10. Malcolm McDonald

    We have a red flowering gum on our nature strip in Burwood Melbourne. It has all the great attributes described, as well as the series of seed and leaf clean ups which can be a bit of a pain. It is a beautiful tree that brings the birds when in flower, and great shade in Summer. The trunk has been expanding for years so that at ground level, it is almost the width of the nature strip. Is this unique ? I have never seen another flowering gum with such a wide trunk.

    1. I think that’s pretty awesome, Malcolm. I would imagine your red flowering gum to be of quite an age. There are some very large, beautiful flowering gums along Jetty Rd in Rosebud. I live in Leongatha and we have a few large ones here too.

  11. In curiosity how well does this plant do in Brisbane region? I have read that it can have trouble on the east coast region due to humidity and is their particular cultivars that do well in this region. I did see it in a nursery recently but I didn’t think to check out what cultivar it was. Looks to me like a beautiful Western Australian plant sometimes jealous of some of their native flowering plants.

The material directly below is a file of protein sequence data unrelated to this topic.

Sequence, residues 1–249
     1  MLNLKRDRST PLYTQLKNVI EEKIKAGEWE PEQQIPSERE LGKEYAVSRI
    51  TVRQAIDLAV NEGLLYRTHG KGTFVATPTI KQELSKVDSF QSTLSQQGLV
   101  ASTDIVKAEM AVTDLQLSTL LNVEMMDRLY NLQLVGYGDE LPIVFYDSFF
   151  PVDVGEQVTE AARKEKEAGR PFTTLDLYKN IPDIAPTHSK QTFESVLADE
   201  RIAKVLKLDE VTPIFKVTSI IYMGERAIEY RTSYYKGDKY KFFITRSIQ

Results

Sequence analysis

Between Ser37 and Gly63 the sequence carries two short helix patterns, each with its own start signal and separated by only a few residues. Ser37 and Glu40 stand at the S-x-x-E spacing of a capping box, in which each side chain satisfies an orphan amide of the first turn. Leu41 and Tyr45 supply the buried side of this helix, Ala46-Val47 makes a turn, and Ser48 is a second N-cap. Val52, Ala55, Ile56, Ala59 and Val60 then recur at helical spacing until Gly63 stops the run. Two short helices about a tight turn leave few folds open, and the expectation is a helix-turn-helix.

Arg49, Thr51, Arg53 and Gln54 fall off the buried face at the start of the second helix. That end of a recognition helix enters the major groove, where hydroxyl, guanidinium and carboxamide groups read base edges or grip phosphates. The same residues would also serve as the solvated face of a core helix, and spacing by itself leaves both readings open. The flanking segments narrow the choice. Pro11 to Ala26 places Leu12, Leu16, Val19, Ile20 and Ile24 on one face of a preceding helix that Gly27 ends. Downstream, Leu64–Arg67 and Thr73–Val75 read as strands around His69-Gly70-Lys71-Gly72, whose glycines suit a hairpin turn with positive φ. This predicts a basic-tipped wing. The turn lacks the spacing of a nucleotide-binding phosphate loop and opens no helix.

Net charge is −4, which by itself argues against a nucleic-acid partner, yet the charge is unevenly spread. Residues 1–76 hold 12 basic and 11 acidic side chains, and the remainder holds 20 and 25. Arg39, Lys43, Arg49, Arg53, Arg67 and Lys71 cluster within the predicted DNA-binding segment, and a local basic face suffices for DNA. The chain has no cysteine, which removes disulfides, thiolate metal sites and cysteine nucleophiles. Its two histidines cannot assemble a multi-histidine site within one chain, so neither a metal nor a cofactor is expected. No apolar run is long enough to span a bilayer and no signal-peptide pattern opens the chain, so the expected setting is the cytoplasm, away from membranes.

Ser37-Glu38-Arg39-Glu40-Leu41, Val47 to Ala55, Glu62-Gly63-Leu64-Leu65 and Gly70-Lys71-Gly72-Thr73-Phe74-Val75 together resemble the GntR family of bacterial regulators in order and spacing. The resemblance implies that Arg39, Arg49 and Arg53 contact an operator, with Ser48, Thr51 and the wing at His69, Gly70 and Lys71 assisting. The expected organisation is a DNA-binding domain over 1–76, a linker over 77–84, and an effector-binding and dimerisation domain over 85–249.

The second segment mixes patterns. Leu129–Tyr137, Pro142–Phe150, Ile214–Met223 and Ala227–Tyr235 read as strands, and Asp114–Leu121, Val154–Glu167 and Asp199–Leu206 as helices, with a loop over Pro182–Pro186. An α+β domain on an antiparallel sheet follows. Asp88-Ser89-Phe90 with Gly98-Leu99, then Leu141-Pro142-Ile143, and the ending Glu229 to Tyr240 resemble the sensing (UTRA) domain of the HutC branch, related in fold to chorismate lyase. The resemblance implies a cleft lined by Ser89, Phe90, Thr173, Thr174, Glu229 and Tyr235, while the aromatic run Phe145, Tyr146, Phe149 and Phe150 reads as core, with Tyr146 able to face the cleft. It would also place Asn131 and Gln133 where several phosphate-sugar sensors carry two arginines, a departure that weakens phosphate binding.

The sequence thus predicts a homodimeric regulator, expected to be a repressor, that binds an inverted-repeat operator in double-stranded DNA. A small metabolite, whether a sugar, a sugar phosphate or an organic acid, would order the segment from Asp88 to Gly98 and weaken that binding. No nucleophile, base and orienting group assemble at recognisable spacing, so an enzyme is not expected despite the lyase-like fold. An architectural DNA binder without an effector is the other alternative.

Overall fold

1. Hi Brenton.

      I agree, I’m envious of WA flowering natives also.

      Most C. ficifolias, red flowering gums, sold through nurseries in Qld have been grafted onto C. maculata rootstock. It greatly helps their hardiness but we still don’t quite achieve the results of the tree in its native conditions.

  12. Like traveling via computer, lovely blog to find. One day I hope to travel to Australia and plan to do so in your spring and summer so I can look at all the plants.

  13. Carolyn van Poppel

    This tree is my favourite tree as well. There is one in our driveway and though not tall, rewards us with flowers in the autumn each year. The flowers are usually covered with native bees, which is a great thing. This West Australian native seems to do well here in Victoria.